Connie Britton as Vivien Harmon, Dylan McDermott as Ben Harmon, Taissa Farmiga as Violet Harmon in American Horror Story.
Connie Britton as Vivien Harmon, Dylan McDermott as Ben Harmon, Taissa Farmiga as Violet Harmon in American Horror Story. Robert Zuckerman/FX
There are times when there's just no other word that will do the work of "cuckoo-pants."
FX's American Horror Story is produced by Ryan Murphy and Brad Falchuk, two of the three co-creators of Glee (they also worked together on Nip/Tuck, one of the dramas that put FX on the map). But this is no high school musical. It's horror, and it's not soft, classy horror, either. It's gory, gaudy, campy, crazy, and — yes — utterly cuckoo-pants. It is a gleeful lack of restraint cranked up to eleven. You should know that going in.
Just in the first minute or two, you will see a spooky house, haunting windchimes, hateful redheaded twin boys, a prophetic girl with Down syndrome (she is a grotesque, indeed, but no more than anyone else, for what it's worth), and babies in jars. That's just the flashback to 1978.
In the present, the house is purchased by the Harmons: Vivien (Connie Britton) and Ben (Dylan McDermott) and their daughter Violet (Taissa Farmiga). Vivien and Ben's marriage is troubled, and Violet is the kind of kid who likes to befriend the creepy teenage patients her psychiatrist father is treating. The next-door neighbor, Constance (Jessica Lange), apparently just got here from the Caftan-Wearing Nutbar auditions at central casting. (Just after I saw the premiere this summer, I read two different reviews referring to Lange "swanning" around the house, and that's really the only way to put it.)
The producers call American Horror Story a "psychosexual thriller," and you can think of it that way if you like. But it's not a humorless and heavy psychosexual thriller that's trying to convince you it's not the "BOO!" kind of horror piece. It is exactly the "BOO!" kind of horror piece. It's got a dog who barks at the door where something terrible lurks, it's got the creepy music, it's got the strange visions, and naturally, it's got the bondage outfit apparently abandoned intact in the attic.
What, your house didn't have one when you moved in? Maybe you didn't move into a house that was most recently the site of a murder-suicide. That was your first good decision.
The most important element in the pilot is Britton, whom you may know as Tami Taylor from Friday Night Lights. While the things that are happening to her are off-the-map ridiculous, her reactions are beautifully genuine. Her first scene with Lange is startlingly funny, because Lange is playing Your Crazy Neighbor In A Horror Movie, and Britton is always fundamentally relatable, so there's a certain observant attention to the fact that Vivien as a character who could have shown up on a high-end drama has stumbled into the world of genre entertainment, for good or for ill. And it's not a high-class take on genre, the way The Walking Dead is. It's straight-up horror, with all the gratuitous violin shrieking that entails.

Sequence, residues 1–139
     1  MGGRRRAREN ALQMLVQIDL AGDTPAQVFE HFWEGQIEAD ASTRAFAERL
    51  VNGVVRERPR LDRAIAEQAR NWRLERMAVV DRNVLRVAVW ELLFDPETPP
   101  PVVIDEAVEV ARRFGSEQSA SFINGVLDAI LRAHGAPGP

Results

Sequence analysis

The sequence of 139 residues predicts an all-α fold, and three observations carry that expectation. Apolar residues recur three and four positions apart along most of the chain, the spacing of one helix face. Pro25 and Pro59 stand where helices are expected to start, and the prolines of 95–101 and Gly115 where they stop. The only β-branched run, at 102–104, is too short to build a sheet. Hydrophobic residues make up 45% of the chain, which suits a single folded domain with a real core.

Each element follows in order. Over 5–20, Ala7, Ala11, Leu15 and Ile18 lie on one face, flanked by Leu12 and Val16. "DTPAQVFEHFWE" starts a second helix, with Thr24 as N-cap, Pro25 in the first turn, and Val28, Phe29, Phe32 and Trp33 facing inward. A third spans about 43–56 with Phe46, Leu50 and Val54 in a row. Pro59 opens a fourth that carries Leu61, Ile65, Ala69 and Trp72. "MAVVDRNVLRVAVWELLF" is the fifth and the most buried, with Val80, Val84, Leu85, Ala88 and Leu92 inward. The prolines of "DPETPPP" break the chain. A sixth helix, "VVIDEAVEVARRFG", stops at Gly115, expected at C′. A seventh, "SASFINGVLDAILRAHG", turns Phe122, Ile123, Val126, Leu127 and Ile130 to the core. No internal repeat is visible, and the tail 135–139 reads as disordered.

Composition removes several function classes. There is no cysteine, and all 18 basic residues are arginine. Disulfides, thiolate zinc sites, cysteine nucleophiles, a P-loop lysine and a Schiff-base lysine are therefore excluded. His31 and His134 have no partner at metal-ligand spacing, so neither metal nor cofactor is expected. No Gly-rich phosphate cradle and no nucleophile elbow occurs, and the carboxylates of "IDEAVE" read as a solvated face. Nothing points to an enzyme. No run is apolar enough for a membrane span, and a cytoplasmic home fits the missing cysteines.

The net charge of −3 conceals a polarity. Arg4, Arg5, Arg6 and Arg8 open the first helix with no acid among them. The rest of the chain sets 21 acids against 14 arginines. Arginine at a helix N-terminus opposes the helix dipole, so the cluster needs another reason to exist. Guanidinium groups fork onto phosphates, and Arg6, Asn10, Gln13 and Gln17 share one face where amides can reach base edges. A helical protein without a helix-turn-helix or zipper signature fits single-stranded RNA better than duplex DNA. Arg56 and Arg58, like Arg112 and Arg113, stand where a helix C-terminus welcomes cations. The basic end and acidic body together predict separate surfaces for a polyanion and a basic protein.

Murphy and Falchuk seem at times to be exploring excess for its own sake: there are multiple shots in the first episode of McDermott's naked behind, just kind of ... because. The allusions to kinky sex are the same way — why wouldn't you throw them in? I'm sort of surprised they didn't throw in a pie fight and somebody getting tied to the railroad tracks.
The very making of American Horror Story is performative as much as creative, and that's going to turn off a lot of people. The show isn't made just so the show can exist; the show is made to demonstrate and wave around its own uncompromising commitment to its pulpy tone, ungainly plot and hectic pacing. It screams for attention, it disdains subtlety, and it dares you to like it or hate it. I happen to like it, especially because there's only one of it. I can't really disagree with anything, for instance, that Alan Sepinwall wrote in his brutal pan of the show, like the fact that "really all it's about is whatever cool thing Murphy and Falchuk wanted to do next." I just didn't mind.
As I recently wrote, I am far more burned out and disheartened by joyless manufacturing of the likes of Charlie's Angels than I am by passion projects that are sometimes wildly judgment-impaired but never boring. This show isn't good or bad, exactly, it's just utterly ... bazoo. I wouldn't watch more than one show like it, but I find myself sheepishly glad there's one.